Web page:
December 20, 2012: No More Magazines

This morning I got up at the same time as Dominica who had to work (from home) at seven.  She got a few hours in for her office before she got the kids ready and off to Houston for the Christmas holidays.  They should be down there by late afternoon and I will be going down to join them on Christmas Day.  This will be my first Christmas Eve not celebrating Christmas with my family, quite possibly, ever.  That is pretty sad.  And I realized today that the family left and we didn’t sit down and watch White Christmas together like we always say that we are going to.  We got from “Christmas is weeks away and it is too early to watch Christmas stuff” to “the family is heading to Houston for the holidays” so quickly that you never realize that the holidays are here.  We don’t decorate, listen to music or do anything related to Christmas here, that is all done down in Houston.  So we forget to do things here.  In fact, the wreath that we have kept in the garage for a year so that it could be put up easily never got put up.  It’s going into the attic now.

Before leaving I took several loads up to the attic this morning and brought down the Christmas tree and loaded it up in the Acadia so that Dominica can deliver it down to the Grices who are going to use it as their tree this year to make things simple.  Taking loads up to the attic is so satisfying.  That’s when we feel the house getting less cluttered.

Watson came over to the house late in the morning after I had already gone to work to see if there were any books that he was interested in.  He got probably eight books.  Barely a dent in the pile.  It is funny seeing all of the people talking online about my book collection and if you do a Google search on “epic library” my collection already comes up on the second page at the top.  I keep culling the library more and more too.  The number of books that I actually need to keep anymore, whether for historic, nostalgic or technical reasons is rapidly dwindling.  Reference books are all but useless today, especially as I need digital copies to go between office and home.  I am down to a fraction of the old library, even of ten years ago.  I have a feeling that the collection peeked in 2007 in Geneseo.  I will probably only buy about a dozen additional “in print” titles for the rest of my career.  A few prominent publishers that I like are still in “print” only but they too are switching now.  The era of paper books is over.  The last holdouts are fading away.  The need to store books in this fashion is problematic and expensive.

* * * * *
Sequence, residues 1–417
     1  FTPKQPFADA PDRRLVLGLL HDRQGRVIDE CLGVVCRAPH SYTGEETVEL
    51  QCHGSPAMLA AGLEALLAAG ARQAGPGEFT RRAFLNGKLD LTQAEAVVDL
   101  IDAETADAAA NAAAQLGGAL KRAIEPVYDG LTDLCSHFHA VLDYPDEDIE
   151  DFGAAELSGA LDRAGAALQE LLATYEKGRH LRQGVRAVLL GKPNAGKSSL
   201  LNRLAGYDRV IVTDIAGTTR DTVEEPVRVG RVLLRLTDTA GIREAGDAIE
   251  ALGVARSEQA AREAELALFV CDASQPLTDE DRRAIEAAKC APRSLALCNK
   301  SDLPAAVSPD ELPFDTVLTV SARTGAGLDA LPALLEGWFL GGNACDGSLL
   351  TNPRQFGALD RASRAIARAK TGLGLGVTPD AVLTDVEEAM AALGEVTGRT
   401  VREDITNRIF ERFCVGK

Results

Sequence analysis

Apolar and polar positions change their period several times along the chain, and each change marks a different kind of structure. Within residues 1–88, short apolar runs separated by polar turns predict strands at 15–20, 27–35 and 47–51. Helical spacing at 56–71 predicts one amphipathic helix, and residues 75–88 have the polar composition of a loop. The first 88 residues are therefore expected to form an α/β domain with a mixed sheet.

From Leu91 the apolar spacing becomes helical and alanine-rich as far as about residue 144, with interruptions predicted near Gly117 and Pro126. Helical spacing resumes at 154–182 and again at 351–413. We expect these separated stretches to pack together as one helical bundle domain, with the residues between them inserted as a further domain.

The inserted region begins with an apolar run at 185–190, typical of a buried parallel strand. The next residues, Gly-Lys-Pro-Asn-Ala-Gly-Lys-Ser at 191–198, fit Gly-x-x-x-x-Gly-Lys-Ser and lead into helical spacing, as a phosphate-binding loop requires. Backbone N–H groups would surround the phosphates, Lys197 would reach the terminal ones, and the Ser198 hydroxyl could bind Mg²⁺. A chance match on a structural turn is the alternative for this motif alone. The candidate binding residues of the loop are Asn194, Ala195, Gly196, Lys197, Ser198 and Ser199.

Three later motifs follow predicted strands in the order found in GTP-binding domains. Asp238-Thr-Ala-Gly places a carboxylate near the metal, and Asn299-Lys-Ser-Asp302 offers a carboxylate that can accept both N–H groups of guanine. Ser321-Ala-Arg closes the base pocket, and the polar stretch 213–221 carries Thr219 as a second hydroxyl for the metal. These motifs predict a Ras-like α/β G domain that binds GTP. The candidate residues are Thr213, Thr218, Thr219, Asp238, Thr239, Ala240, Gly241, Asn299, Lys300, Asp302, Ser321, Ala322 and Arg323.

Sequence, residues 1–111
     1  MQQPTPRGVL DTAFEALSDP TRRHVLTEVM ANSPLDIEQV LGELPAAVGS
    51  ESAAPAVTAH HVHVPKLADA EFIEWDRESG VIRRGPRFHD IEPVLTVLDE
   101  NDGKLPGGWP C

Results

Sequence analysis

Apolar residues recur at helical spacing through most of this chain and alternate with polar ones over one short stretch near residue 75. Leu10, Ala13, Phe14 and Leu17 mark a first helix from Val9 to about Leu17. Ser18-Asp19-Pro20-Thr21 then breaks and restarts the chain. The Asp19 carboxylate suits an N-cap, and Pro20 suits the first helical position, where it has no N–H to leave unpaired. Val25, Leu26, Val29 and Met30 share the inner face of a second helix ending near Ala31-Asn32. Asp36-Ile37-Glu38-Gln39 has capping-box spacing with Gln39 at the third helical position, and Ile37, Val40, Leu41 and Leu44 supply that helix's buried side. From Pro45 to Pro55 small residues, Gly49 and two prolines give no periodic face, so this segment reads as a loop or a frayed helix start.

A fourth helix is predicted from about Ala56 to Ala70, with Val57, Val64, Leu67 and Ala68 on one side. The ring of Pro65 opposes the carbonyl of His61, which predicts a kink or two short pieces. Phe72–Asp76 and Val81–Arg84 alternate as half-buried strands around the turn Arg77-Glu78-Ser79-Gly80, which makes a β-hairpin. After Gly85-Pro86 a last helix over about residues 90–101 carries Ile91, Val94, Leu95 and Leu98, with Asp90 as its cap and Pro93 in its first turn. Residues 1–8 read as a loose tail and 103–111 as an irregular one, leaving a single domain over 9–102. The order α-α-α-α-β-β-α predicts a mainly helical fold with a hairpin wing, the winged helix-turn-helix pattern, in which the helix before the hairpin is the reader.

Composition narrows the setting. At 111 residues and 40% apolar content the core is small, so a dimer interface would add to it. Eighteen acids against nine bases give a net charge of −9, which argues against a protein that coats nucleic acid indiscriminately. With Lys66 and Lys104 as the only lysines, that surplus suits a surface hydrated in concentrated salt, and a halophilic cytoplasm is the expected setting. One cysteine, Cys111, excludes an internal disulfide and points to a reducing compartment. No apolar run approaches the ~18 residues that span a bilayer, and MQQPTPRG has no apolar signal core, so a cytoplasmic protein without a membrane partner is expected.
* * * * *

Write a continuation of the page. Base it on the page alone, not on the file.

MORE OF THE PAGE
I worked through lunch today and came home at five. Dominica did not arrive in Houston until six thirty!  What a long day of driving she had.  Traffic in Houston was awful.  When they pulled into the driveway there Luciana was screaming “Cheka, Cheka!!”  She is very excited to get to go see her aunt.

I got home and set to doing more cleaning in the house.  I found at least a dozen additional books to remove from the library.  A dozen!  That’s crazy that after all of the books that I have already gotten rid of that there are still a dozen to be found to haul out.  I keep looking at the books on the shelves and asking myself, “Do I really need to still have that?”  And generally the answer has been “no.”

In addition to the books the library used to hold a lot of computer magazines.  A year or two ago I started clearing those out as well.  I’m down to a small fraction of the number that I had when I started and now I don’t collect them month to month but hand them off to Chris the moment that I am done with any new ones that come in so the collection stopped accumulating some time ago.  But some old ones, mostly from pre-2005, are still lingering.  I decided to just make these all disappear all at once.  I just can’t justify keeping them at all anymore.